Wayne Clark (cricketer)
|Full name||Wayne Maxwell Clark|
19 September 1953 |
Perth, Western Australia, Australia
|Batting style||Right-hand bat|
|Bowling style||Right-arm fast-medium|
|Test debut (cap 253)||2 December 1977 v India|
|Last Test||10 March 1979 v Pakistan|
|Only ODI (cap 40)||22 February 1978 v West Indies|
|Domestic team information|
|Source: Cricket Archive, 4 September 2012|
Clark had a successful debut for West Australia and immediately made an impression. In his first eight first class games he took 30 wickets at an average of 28. This saw him receive an offer from Kerry Packer to be a part of World Series Cricket (WSC). He eventually turned it down.
Clark took eight wickets in the first two games of the 1977-78 summer and was rewarded by selection in the Australian side against India for the first test. His bowling was crucial in helping Australia win the game.
Clark continued to play an important role in Australia's success that summer. In January he suffered a bad back injury that saw him miss a Shield game.
Clark played in four tests against the West Indies.
He played 10 tests and 2 ODIs during the WSC era. When the WSC cricket players were available for selection again, Clark was unable to win back his place in the Australian team.
Clark was the centre of controversy during Australia's 1978 tour of the West Indies when local umpire Douglas Sang Hue publicly expressed his doubts about the legality of Clark and team mate Bruce Yardley's bowling, although neither had ever been called for throwing before. This statement and the no balling of Yardley for throwing in a tour match led to Sang Hue's appointment to umpire the 5th and final Test of the series to be withdrawn, which in turn led to anger from the West Indian public who believed Sang Hue was replaced at the Australian team's request.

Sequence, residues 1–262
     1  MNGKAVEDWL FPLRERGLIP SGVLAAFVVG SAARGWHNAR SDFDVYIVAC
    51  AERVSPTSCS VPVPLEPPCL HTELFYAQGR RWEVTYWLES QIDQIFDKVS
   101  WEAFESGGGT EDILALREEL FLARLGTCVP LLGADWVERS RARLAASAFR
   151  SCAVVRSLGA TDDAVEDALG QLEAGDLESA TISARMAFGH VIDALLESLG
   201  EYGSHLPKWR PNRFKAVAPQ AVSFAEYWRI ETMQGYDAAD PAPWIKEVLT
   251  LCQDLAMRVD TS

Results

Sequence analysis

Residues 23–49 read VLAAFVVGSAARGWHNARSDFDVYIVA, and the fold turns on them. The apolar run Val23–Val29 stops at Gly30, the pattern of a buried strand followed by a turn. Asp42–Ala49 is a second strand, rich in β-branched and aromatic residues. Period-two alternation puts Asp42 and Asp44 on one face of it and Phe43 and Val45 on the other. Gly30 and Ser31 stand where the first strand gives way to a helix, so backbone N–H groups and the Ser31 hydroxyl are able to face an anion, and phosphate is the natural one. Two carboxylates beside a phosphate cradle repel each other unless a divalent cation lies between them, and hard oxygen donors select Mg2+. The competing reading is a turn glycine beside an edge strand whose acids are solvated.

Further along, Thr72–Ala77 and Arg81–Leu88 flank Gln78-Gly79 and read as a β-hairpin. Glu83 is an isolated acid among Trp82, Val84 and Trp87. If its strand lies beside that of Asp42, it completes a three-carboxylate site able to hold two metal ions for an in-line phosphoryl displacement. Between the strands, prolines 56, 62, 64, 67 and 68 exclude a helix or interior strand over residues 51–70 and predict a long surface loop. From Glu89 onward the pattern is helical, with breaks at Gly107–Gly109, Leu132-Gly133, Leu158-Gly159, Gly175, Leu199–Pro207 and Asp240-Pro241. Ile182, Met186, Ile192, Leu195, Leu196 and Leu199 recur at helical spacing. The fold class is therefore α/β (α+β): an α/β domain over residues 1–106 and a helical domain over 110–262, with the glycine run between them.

Clark was the coach of the Western Warriors. In January 2007, it was announced that Clark would step down from his role as Western Australian coach, a role he has had for ten seasons over two stints. He has guided Western Australia to two Pura Cups and 3 One Day Domestic championships in his tenure as coach.
He was also the coach of Yorkshire from 2001-2002 where he led them to their first County Championship title for 33 years in 2001. The following season were relegated form division one but still managed to win the C & G Trophy, a first Lord's final win since 1987. Yorkshire decided to restructure the coaching staff and Clark was offered the position of Bowling Coach for the 2003 season but declined and left the club at the end of 2002.
In 2010, Clark joined Perth radio station 91.3 Sport FM's 'Sports Breakfast' team alongside Corbin Middlemas, as well as continuing his expert commentary for their Sheffield Shield broadcasts.
- Frith, David. "World Series Cricket - October 1977". ESPNcricinfo. Retrieved 4 December 2014.
- "Offer to Clark.". The Canberra Times (ACT : 1926 - 1995) (ACT: National Library of Australia). 11 October 1977. p. 18. Retrieved 11 December 2014.
- "Packer's offer turned down.". The Canberra Times (ACT : 1926 - 1995) (ACT: National Library of Australia). 15 October 1977. p. 44. Retrieved 11 December 2014.
- "Six new players named.". The Canberra Times (ACT : 1926 - 1995) (ACT: National Library of Australia). 24 November 1977. p. 30. Retrieved 11 December 2014.
- "Exciting win to Australia.". The Canberra Times (ACT : 1926 - 1995) (ACT: National Library of Australia). 7 December 1977. p. 48. Retrieved 11 December 2014.
- "CLARK OUT OF W.A. TEAM.". The Canberra Times (ACT : 1926 - 1995) (ACT: National Library of Australia). 14 January 1978. p. 1 Section: SPORTS SECTION. Retrieved 11 December 2014.
- "Clark back in Test side: Laughlin hurt.". The Canberra Times (ACT : 1926 - 1995) (ACT: National Library of Australia). 9 March 1979. p. 35. Retrieved 11 December 2014.
- "Four dropped from Australia's team.". The Canberra Times (ACT : 1926 - 1995) (ACT: National Library of Australia). 17 March 1979. p. 41. Retrieved 11 December 2014.
- Robinson, p. 195.
- Robinson, pp. 195-96.
- Robinson, R. (1979) The Wildest Tests, Cassell Australia: Sydney. ISBN 0 7269 7375 0.